The children of David which were born to him in Hebron, 1-4. Those born to him in Jerusalem, 5-9. The regal line from Solomon, 10-24.
Notes on Chapter 3
The second, Daniel
In 2 Samuel 3:3, this person is called Chileab; he probably had two names. The Targum says, "The second, Daniel, who was also called Chileab, because he was in every respect like to his father." The Targumist refers here to the import of the word ke-le-ab, like to the father. Jarchi says the two names were given to this person because David, having taken Abigail immediately after the death of Nabal, it could not be ascertained whether this child were the son of David or of Nabal, therefore David called him Daniel, God is my Judge, and Chileab, he who is like to the father; probably from the striking resemblance he bore to David, his reputed father. "God is my Judge, I have not fathered another man's child; this is entirely like unto myself."
By Eglah his wide.
The Targum, Jarchi, and others, maintain that this was Michal, the daughter of Saul; but this does not well agree with 2 Samuel 6:23: Michal had no child to the day of her death. Yet she might have had a child before the time that is mentioned above.
Shimea, and Shobab
Solomon is mentioned last, though he was the eldest of these four sons, because the genealogy was to be continued from him. Bath-shua is the same as Bath-sheba, the vau being put by mistake in the former for beth in the latter.
Elishama, and Eliphelet
In this and the eighth verse these two names occur twice; some think this is a mistake, but others suppose that two persons of these names died young, and that the next born received the name of the deceased.-See Jarchi.
There are thirteen if we count the four sons of Bath-sheba, and nine without them; and in the second book of Samuel there are eleven, reckoning the above four, and without them only seven. In the book of Samuel probably only those who were alive were reckoned, while the author of the Chronicles comprises those also who were dead in this enumeration. Jarchi supposes that the duplicate Elishama and Eliphelet are those which increase the regular number seven to nine; and that the dead without posterity, as well as the living, are mentioned to increase the number of David's descendants; for, says he, the whole book is written for the honour of David and his seed.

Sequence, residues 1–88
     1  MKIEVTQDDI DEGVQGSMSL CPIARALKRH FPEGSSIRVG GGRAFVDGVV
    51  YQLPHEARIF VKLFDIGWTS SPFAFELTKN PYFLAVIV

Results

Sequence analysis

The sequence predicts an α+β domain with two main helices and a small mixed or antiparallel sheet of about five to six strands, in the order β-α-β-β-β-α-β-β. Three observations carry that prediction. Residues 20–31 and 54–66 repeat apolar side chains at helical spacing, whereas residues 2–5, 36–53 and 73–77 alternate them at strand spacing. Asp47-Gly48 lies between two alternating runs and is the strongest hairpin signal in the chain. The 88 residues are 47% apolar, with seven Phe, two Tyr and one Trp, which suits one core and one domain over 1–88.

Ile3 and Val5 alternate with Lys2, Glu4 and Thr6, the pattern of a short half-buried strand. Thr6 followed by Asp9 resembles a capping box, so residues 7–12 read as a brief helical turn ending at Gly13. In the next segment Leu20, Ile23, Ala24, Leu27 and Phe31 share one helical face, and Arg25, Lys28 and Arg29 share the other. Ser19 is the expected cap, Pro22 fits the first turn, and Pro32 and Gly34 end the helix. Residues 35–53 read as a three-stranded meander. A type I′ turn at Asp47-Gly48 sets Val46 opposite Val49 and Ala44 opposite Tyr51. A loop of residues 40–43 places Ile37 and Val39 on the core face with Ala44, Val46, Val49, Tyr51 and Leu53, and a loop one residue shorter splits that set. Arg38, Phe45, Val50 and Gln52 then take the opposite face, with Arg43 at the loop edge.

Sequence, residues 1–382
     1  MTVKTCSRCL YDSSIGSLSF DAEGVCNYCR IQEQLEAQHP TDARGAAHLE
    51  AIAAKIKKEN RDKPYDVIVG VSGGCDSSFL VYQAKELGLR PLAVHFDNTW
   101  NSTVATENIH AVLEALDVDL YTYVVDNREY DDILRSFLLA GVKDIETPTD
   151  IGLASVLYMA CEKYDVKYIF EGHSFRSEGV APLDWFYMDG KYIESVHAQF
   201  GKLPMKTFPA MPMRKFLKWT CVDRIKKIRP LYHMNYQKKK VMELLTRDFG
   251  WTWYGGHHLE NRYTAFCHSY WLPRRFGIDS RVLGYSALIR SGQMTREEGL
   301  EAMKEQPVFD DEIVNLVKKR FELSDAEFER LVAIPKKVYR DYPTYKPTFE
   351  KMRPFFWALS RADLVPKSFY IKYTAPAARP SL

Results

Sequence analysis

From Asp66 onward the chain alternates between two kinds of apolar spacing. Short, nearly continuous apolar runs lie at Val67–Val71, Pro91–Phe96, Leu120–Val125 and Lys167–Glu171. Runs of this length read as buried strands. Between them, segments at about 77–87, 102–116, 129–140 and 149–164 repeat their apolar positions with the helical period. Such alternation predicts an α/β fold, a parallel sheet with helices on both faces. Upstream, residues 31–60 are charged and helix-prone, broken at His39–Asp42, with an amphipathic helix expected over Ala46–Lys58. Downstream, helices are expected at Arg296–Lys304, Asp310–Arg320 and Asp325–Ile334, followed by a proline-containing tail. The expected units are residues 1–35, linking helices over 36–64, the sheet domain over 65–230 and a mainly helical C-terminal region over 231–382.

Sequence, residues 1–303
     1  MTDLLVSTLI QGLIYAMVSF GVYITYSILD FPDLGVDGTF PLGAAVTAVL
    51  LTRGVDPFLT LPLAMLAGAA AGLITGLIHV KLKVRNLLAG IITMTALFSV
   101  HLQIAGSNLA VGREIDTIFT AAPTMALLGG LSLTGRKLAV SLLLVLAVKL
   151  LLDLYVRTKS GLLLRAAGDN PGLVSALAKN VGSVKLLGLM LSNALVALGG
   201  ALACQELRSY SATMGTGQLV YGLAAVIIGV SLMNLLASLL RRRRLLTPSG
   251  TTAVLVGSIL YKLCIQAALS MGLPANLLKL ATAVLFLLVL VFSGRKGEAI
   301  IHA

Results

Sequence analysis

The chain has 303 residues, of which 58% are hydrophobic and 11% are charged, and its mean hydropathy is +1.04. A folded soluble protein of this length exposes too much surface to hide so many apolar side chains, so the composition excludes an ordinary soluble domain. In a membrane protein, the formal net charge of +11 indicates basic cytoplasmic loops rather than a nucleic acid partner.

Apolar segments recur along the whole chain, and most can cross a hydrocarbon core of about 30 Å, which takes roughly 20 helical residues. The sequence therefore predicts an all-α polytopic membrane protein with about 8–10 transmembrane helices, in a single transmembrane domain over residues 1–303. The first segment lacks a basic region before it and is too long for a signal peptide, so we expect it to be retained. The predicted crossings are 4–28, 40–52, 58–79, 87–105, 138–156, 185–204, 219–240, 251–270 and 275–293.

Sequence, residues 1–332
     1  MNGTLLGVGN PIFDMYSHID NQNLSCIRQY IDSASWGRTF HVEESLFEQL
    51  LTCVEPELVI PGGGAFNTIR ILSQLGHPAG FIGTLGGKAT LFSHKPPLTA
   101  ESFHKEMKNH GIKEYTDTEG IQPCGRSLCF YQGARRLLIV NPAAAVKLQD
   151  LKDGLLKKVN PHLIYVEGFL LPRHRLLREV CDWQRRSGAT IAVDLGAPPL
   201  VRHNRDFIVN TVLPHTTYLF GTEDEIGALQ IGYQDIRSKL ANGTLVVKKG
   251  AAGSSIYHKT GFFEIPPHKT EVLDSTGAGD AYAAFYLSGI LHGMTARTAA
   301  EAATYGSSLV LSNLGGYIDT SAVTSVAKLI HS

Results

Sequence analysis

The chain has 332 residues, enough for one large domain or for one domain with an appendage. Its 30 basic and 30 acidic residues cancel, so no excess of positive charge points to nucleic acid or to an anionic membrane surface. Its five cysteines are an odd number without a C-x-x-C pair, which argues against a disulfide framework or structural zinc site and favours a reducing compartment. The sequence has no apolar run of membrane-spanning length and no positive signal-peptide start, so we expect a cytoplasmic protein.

And Tamar their sister.
This is the only daughter of David whose name is on record; and yet he is said to have had both SONS and DAUGHTERS, 2 Samuel 5:13.
Zedekiah his son.
If this be the same who was the last king of Judah, before the captivity, the word son must be taken here to signify successor; for it is certain that Zedekiah was the successor of Jeconiah, and that Zedekiah was the son of Josiah, and not of Jehoiakim.
The sons of Jeconiah
Jeremiah has said 22:30) that Jeconiah, or, as he calls him, Coniah, should be childless; but this must refer to his posterity being deprived of the throne, and indeed thus the prophet interprets it himself: For no man of his seed shall prosper, sitting upon the throne of David, and ruling any more in Judah.
Salathiel was not the son of Assir, but of Jeconiah, Matthew 1:12. Who then was Assir? Possibly nobody; for as the Hebrew assir signifies a prisoner, it may be considered as an epithet of Jeconiah, who we know was a very long time prisoner in Babylon. See 2 Kings 24:15and Calmet.
Calmet supposes we should read here, And the sons of Salathiel were Malchiram and Pedaiah, .
The sons of Pedaiah
Houbigant thinks these words should be omitted. Pedaiah is wanting in the Arabic and Syriac. If this be omitted, Zerubbabel will appear to be the son of Salathiel, according to Matthew 1:12, and not the son of Pedaiah, as here stated.
The sons of Shemaiah-six.
FIVE only are found in the text, and the versions give us no assistance; neither do the MSS. correct the place. If the father be not here included with his sons, some name must be lost out of the text.
"This is the King Messiah who is to be revealed."-T. Jarchi says the same, and refers to Daniel 7:13: Behold, one like the Son of man came with the clouds ( ananey) of heaven. For this application of the word he gives a fanciful reason, not worthy to be repeated. The Syriac and Arabic omit several names in this table, and make only twenty-three verses in the chapter: but such differences are frequent in the books of Chronicles.